Today, businesses and teams are using project management to help improve the chances of achieving their desired result. PM standards exist to help project managers plan work, assign tasks, lead teams, track progress, monitor status, and communicate updates. Still, every company or team has a different and preferred way of getting work done. As a result, the PM software market is full of choices, including online tools. One of the most effective online project management tools is Basecamp.

Third time’s a charm

Basecamp is a web-based project management and collaboration software. Moreover, Basecamp 3 is the third and latest iteration of the PM tool. It was re-designed from the ground up, and includes new features to make it as functional and as easy to use as possible. For example, it helps teams achieve their project’s desired result. It incorporates organization, access, workflow, and capabilities that support project management. In other words, Basecamp 3 helps increase the accountability of individuals and teams by making visible who is working on what. They can communicate more efficiently with a variety of collaboration tools without having to spend precious time on long meetings. Also, the inherent transparency of the platform keeps everyone on the same page.

Basecamp 3 Basic Tips and Tricks

Basecamp 3 is a business tool that becomes more effective when used correctly, consistently, and comprehensively. The good news is that it is simple to get started with, has an intuitive interface, and has its own onboarding guide.

1. Start with Getting Started

For newcomers, the best way to get the benefits of using Basecamp 3 is to spend a few minutes going over the Getting Started guide. It is a small time investment that will help users sail smoothly afterward. They will learn about the all-important Home Screen, how to personalize it with the company’s logo, and how to organize it through pinning, with number, grouping, and others.

2. Use the Tiered Approach

Basecamp 3 allows users to organize their company, their departments, and their work. It offers a tiered organizational approach with the following:

HQ – This level is best for company-wide communication.
Teams – This level is for specific teams who work together.
Projects – This level is the recommended workspace for individual projects that are assigned to specific teams.

3. Right Tools for the Right Job

Users who are just starting can begin with just the six core tools. With these, they can manage the project, track the tasks, and collaborate with the team. It is important, however, to know the difference between a project and a to-do. Projects are larger and include multiple tasks. In contrast, to-dos are usually simpler and single activities.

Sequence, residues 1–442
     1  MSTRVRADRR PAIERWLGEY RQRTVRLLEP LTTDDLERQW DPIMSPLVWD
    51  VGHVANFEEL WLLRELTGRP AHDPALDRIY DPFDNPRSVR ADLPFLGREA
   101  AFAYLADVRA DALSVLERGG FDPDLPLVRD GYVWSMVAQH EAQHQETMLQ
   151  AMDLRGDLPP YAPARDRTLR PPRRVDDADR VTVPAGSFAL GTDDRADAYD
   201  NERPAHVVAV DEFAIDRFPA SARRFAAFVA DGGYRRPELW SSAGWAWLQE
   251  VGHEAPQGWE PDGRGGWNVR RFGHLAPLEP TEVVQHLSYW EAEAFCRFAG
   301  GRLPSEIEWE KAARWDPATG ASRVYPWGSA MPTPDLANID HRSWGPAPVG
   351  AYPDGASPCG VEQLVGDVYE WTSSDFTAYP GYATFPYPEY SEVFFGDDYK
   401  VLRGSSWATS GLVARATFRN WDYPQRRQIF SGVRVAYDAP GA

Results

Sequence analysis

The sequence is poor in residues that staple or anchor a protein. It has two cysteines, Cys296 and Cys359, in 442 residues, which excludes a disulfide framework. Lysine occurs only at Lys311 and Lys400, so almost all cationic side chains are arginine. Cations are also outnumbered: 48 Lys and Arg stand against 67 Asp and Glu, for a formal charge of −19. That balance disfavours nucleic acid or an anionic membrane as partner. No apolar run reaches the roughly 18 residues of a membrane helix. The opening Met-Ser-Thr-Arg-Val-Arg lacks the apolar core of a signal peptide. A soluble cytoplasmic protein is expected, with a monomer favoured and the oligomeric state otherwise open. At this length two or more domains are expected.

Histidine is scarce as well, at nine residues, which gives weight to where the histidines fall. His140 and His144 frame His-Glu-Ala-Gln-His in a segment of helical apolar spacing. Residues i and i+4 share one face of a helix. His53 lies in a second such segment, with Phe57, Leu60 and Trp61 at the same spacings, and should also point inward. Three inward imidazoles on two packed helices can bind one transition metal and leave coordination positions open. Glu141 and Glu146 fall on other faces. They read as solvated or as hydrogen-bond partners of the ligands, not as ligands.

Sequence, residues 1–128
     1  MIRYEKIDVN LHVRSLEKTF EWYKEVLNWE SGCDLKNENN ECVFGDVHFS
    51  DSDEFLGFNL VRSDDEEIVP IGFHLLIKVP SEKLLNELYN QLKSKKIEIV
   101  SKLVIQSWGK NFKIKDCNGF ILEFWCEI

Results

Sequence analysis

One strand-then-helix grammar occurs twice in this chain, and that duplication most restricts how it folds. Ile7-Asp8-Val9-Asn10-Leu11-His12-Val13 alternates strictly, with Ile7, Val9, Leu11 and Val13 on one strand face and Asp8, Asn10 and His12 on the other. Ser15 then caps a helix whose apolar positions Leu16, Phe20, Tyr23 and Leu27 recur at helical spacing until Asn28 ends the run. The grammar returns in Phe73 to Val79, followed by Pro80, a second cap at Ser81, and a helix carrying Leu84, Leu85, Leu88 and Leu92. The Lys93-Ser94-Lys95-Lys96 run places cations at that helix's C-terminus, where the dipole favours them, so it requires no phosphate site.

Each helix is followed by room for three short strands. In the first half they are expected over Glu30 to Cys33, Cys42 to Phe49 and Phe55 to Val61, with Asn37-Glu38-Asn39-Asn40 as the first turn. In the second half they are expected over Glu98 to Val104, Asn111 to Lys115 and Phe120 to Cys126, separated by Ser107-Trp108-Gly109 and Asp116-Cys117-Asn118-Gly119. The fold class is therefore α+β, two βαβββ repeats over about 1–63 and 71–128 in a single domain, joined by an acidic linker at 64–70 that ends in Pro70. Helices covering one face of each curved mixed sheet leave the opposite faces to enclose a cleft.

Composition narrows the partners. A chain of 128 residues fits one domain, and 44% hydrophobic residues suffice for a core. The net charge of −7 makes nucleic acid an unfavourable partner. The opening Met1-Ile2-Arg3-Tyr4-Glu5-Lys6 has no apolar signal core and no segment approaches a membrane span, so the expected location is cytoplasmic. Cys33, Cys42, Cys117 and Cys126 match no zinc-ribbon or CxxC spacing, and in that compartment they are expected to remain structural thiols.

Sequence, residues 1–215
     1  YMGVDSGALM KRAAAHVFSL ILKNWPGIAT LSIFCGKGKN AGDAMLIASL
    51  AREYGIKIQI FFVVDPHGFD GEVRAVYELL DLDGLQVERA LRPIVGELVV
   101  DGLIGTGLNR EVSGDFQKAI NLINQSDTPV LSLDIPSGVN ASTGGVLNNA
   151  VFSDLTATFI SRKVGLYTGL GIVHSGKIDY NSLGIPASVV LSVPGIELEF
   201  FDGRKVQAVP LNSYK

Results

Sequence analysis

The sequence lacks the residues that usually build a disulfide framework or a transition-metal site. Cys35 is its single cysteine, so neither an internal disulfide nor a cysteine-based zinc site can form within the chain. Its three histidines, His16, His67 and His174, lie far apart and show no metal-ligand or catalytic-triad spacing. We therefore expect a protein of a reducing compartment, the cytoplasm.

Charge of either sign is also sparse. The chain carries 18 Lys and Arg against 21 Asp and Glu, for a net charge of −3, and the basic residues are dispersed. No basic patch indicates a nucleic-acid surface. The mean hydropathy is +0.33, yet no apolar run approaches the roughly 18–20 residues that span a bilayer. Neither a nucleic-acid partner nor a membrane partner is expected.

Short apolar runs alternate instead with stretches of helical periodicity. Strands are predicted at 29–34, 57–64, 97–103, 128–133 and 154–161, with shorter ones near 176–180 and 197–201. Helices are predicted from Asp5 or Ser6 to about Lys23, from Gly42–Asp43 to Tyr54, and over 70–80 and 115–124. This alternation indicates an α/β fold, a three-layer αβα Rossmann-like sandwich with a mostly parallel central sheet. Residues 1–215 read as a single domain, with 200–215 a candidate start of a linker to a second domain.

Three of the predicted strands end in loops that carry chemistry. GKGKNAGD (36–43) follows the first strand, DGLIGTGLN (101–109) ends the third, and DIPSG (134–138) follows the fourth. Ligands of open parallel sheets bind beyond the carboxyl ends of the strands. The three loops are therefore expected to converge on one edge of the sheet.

To-do Lists: This tool is for tracking tasks and assigning priorities.
Schedule: Good for tracking progress, deadlines, and milestones.
Docs & Files: This is for storing and sorting all types of files and documents.
Automated Check-in: Good for getting automatic updates, allowing users to specify what to ask, who to ask, and when to ask it.
Message Board: It is ideal for sharing announcements, updates, and key communication.
Campfire: Tool that is good for casual chat and quick discussions.
Ping: Best way to have a private 1-to-1 conversation.

Remember: Communicate fast and privately with Pings; fast and publicly with Campfires; and slow and publicly with Message Boards.

Advanced Basecamp Tips and Tricks for Pros

Many of Basecamp users are digital firms, marketing agencies, and professional services organizations. In fact, the PM tool has features geared for clients that make it easy to work with multiple projects from multiple customers.

1. Flip the Switch

Anything that users on Basecamp 3 can do with their team, they can also do with their clients. They can assign to-dos, share files and folders, chat, and more. However, everything in a project starts off as private only with the team. Once the user is ready to make the project visible to clients, they can simply click a setting to allow visibility to their clients.

2. Create a Template

Basecamp 3 allows users to create templates for work that they do over and over. For instance, they can create Schedule templates and To-do templates with dates relative to the start of their project. They can also manage them to view, edit, archive or delete. Users can even rename the tools that come with every project, or toggle them on or off.

3. Read the Reports

Everything that the team enters will be available in reports. For instance, information includes all the latest activity, overdue to-dos, upcoming dates, to-dos added and completed, and more. A special type of report is the Hill Chart. As a matter of fact, Basecamp itself uses Hill Charts to track the progress of their to-do lists.

4. Customize Notifications

Basecamp 3 provides users some flexibility in how they want to be notified with work. For example, the Hey! menu is the nexus of all notifications. In addition, they have the option to get email notification also. They can temporarily disable them all, or set the hours that a user can be notified only. The use of @mention will also trigger a notification.

5. Take Advantage of Integrations

Basecamp has a good number of integrations with other productivity tools. Generally, they range from mobile and desktop apps, time tracking, invoicing, charts, reporting, and exporting tools. For a great reporting and exporting tool for Basecamp, we recommend you use our own tool Bridge24 for Basecamp.


Like any other business tool, Basecamp 3 has pros and cons. And as long as it is used in a correct and consistent manner, it can support teams and businesses in how they manage their projects successfully more often than not.

Trello - Is It Worth Upgrading to the Paid Plans?
Butler Review - The Built-in Automation For Trello